Immediately after his discharge in 1945, Asato reenlisted at Schofield Barracks for Signal Corps service in Japan from 1947 to 1950, serving at the Yokohama Signal Depot. As he later said, he made sure he was in a non-combat unit. For this military service, Asato received the Army of Occupation Medal with clasp for Japan. He was honorably discharged at the rank of Corporal on January 12, 1950. He then reenlisted yet again and remained in Japan.
At this time, the Korean War broke out and, Asato later noted that “every enlisted man stationed in the Far East Theater became a combat replacement.” He was transferred to the 27th Infantry Regiment, 25th Infantry Division. They were sent to Korea, where they chased the North Koreans north to the Yalu River. Then the Chinese intervened, and the Americans were chased back to Seoul. At one point, the Chinese penetrated the defensive line. Asato later vividly recalled the terse orders of their company commander: “Every man for himself! Run for your life!” At the new defensive line, he fired his rifle until the red-hot barrel jammed. The war continued until 1953, when he debated whether or not to reenlist. He decided not to do so. As he said, “Enough about wars and me. I’m going to play a round of golf!”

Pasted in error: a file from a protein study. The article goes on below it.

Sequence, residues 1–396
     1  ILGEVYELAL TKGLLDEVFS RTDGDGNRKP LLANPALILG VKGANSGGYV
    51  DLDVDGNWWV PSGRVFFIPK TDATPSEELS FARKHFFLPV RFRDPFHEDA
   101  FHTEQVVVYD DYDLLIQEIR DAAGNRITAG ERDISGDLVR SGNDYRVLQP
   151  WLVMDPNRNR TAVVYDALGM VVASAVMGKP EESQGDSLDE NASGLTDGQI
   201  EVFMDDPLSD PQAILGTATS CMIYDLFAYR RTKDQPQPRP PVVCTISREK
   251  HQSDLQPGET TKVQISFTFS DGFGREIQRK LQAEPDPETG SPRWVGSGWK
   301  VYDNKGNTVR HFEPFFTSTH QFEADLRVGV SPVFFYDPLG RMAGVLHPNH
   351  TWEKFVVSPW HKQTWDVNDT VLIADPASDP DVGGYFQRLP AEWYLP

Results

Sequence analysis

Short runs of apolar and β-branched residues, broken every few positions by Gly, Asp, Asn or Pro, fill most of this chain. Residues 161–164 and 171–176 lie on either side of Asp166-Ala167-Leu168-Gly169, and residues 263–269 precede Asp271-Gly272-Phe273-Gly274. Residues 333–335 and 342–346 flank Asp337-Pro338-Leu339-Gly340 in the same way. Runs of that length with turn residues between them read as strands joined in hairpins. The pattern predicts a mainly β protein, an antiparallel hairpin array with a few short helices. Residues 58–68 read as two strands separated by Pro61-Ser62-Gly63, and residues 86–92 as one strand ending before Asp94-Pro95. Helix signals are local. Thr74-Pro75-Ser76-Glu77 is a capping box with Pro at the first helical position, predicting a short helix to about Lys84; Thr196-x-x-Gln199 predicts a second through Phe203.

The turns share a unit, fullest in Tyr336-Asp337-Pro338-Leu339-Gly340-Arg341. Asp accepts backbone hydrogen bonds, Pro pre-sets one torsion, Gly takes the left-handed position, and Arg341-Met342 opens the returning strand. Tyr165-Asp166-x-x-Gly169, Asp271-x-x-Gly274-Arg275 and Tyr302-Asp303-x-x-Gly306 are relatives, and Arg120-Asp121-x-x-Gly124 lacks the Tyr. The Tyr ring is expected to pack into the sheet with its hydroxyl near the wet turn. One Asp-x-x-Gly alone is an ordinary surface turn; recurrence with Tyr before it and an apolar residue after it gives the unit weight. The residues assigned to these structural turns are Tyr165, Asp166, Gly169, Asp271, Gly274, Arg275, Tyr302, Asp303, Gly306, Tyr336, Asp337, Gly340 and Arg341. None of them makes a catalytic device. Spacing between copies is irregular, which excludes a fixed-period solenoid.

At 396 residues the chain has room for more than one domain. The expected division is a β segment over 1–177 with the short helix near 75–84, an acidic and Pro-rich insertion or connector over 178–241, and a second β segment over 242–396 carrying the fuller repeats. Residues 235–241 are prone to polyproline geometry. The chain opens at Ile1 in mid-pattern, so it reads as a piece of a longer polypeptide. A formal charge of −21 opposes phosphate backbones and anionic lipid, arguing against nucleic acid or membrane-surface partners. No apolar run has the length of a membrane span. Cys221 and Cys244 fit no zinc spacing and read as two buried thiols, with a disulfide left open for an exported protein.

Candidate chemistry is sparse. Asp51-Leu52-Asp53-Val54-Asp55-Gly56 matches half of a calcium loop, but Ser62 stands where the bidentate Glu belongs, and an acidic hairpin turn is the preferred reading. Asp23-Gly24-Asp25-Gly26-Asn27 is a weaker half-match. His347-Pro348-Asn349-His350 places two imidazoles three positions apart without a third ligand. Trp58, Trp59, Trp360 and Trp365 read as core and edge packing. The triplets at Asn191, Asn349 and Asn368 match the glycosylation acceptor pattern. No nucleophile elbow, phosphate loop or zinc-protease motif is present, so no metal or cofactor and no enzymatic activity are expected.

He completed his service with the rank of Sergeant First Class.
Following his military service, Asato worked as a heavy equipment operator at Maui Land and Pineapple Co., Ltd., until his retirement in 1985. Asato was an avid golfer and enjoyed working in his garden. He was a member of the Maui 442nd Veterans Club.
Jotoku and Doris Asato in the 1960s
Jotoku married to Doris Chizuko Yamamoto in the late 1940s, when he was stationed in Japan. She was born August 10, 1928, in Tokyo, Japan. Over the years they raised a family of three children.
In the 1990s, Jotoku and his family lived in Makawao, Maui, at 40 Noho Place.
Jotoku attending a 442nd Veterans event about 2012
Jotoku Asato died in Pukalani, Maui, at the age of 92 on May 1, 2016. He was buried on May 13 in the Maui Veterans Cemetery in Makawao. His military tombstone states that he received the Silver Star Medal and the Bronze Star Medal. His wife predeceased him on September 5, 1992, in Pukalani and he was buried with her in Plot 14, Site 375. Asato was survived by his children, three grandchildren, and two great-grandchildren.
Visit Jotoku Asato oral history interview, part 2 of 2, April 26, 2008 · Japanese American Military History Collective (omeka.net) to view his oral history interview.
Researched and written by the Sons & Daughters of the 442nd Regimental Combat Team in 2022.